Film "Everything about the film -- its casting, its filming, its release -- is daring and innovative. Soderbergh, the poster boy of the Sundance generation (for sex, lies and videotape 17 years ago) has moved confidently ever since between commercial projects (Ocean's Eleven) and cutting-edge experiments like Bubble. The movie was cast with local people who were not actors. They participated in the creation of their dialogue. Their own homes were used as sets. The film was shot quickly in HD video." -- Roger Ebert.

I've been meaning to write about the groundbreaking distribution of this film. As Ebert rightly mentioned, it's being released to theatres, to dvd and pay-tv at the same time as a test of a future distribution model for all films. I was chatting to someone about this the other night and they wondered if the cinemas chains would be annoyed because people would generally stay away and prefer to buy or rent instead. I suggested that actually what will more than likely happen is that the exhibitors would have copies of the film on sale in the foyer so that determined cinema-gowers in that initial rush from seeing film might want to buy it as they're leaving. It's certainly true that there have been occasions when I've loved a film enough that I'd wished I could own a copy as soon as they're over then decided against it after some thought.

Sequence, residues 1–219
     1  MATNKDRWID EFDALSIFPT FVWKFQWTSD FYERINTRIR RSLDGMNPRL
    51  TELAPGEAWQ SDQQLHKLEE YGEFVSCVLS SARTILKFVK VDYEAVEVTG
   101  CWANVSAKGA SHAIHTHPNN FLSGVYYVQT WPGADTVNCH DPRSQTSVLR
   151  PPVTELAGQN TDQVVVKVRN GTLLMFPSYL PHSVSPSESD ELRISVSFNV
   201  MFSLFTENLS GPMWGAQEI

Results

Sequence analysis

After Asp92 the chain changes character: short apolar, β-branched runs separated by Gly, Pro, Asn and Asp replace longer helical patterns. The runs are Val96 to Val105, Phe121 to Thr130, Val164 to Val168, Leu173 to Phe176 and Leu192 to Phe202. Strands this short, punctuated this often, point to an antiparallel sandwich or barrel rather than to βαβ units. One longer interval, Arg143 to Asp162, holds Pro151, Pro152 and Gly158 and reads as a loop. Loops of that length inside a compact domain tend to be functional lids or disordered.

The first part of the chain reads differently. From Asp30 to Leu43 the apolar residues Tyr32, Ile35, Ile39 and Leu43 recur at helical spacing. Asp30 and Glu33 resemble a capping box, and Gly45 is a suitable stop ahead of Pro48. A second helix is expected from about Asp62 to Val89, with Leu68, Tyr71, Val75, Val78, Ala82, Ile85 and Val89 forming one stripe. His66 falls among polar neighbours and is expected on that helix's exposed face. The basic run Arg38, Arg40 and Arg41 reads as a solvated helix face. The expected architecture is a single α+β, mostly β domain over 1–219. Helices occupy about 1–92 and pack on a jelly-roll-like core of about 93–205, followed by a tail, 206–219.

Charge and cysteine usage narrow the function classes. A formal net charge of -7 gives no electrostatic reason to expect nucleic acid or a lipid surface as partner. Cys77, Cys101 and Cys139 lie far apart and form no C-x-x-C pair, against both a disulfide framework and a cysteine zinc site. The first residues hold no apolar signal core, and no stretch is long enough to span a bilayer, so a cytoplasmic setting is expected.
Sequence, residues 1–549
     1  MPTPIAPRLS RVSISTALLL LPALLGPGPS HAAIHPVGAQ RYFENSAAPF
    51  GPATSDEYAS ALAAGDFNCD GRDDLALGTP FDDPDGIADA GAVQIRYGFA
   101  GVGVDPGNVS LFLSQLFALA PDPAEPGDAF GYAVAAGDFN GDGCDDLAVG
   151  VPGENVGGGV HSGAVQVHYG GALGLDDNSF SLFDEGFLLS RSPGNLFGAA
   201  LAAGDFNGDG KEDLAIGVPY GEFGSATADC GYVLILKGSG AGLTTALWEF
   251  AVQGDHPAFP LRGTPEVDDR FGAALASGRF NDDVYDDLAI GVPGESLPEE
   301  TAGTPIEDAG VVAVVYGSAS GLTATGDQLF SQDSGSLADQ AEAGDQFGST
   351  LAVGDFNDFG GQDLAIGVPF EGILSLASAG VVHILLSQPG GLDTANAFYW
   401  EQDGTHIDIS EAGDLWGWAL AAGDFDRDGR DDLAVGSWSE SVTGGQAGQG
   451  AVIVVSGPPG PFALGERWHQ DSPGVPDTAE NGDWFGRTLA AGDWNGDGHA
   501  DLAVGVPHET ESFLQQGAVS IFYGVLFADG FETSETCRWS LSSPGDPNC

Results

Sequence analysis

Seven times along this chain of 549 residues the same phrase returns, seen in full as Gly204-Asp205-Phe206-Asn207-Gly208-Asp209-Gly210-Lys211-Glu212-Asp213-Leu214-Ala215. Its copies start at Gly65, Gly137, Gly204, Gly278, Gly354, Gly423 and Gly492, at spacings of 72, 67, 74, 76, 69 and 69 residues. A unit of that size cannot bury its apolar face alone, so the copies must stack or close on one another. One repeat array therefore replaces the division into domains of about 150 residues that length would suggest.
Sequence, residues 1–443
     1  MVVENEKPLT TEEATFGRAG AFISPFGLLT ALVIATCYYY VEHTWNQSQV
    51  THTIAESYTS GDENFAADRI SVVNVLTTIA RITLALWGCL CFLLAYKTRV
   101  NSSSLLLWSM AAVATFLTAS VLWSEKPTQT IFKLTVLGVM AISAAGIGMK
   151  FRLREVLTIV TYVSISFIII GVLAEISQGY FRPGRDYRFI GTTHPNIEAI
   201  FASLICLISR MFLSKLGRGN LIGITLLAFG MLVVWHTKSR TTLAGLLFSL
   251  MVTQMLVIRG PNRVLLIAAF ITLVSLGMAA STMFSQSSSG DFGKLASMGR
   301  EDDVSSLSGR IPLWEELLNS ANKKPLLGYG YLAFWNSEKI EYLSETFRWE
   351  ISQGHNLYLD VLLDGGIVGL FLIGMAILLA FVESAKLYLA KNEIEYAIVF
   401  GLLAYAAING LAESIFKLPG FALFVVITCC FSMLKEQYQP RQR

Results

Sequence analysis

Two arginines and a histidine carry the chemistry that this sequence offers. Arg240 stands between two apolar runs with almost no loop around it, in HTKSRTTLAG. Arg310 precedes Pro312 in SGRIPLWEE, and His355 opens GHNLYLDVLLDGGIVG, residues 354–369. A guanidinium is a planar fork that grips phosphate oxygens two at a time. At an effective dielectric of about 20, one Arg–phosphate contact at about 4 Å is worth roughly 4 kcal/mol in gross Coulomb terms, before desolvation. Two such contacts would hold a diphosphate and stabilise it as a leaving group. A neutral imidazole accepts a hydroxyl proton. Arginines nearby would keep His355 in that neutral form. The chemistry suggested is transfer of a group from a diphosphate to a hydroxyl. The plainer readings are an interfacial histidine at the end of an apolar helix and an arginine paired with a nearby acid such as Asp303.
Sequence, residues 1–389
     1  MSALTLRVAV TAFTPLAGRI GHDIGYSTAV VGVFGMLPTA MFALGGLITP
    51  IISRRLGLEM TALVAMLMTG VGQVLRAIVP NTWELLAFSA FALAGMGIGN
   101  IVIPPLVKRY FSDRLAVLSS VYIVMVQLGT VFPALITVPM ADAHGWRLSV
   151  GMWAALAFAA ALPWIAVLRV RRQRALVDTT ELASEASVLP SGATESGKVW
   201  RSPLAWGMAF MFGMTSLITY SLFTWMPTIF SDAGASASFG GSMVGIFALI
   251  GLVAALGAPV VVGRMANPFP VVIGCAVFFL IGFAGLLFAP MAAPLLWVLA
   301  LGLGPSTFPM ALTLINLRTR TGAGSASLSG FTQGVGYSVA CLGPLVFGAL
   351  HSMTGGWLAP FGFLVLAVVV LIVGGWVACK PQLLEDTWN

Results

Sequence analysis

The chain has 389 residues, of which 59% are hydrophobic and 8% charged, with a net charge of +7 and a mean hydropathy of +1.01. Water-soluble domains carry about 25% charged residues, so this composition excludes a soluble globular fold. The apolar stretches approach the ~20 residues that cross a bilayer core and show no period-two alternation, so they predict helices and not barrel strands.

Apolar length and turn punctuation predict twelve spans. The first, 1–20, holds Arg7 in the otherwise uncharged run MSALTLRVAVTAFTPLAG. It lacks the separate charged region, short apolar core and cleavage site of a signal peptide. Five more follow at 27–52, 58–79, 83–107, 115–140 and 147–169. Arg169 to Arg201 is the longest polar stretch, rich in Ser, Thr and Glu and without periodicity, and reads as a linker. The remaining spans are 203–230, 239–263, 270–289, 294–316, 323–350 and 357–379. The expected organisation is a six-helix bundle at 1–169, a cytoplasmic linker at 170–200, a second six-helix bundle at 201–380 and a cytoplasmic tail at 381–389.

Something I never understood during the run of King Kong is why the Production Diary dvds weren't for sale in the cinemas showing the film. It seems like perfect distribution synergy to me. Taking this the Soderbergh run, why not have these new film release dvds exclusively available on sale in cinemas for the run of the film. That way Odeon or whoever could still profit even if people simply went there to buy the dvd rather than see it projected. They could also have a deal whereby the spectator could see the film and have a dvd copy thrown in at special joint rate. I would imagine the record stores and online shops would be slightly pissed with this idea since they'd no longer be able to claim exclusivity on sales after the fact. Unless the theatre copies are vanilla style screeners -- the sort which turn up in the weekend newspapers, so that people who want things like commentaries and chapter breaks will have to go to a shop once to the movie has left the big screen.

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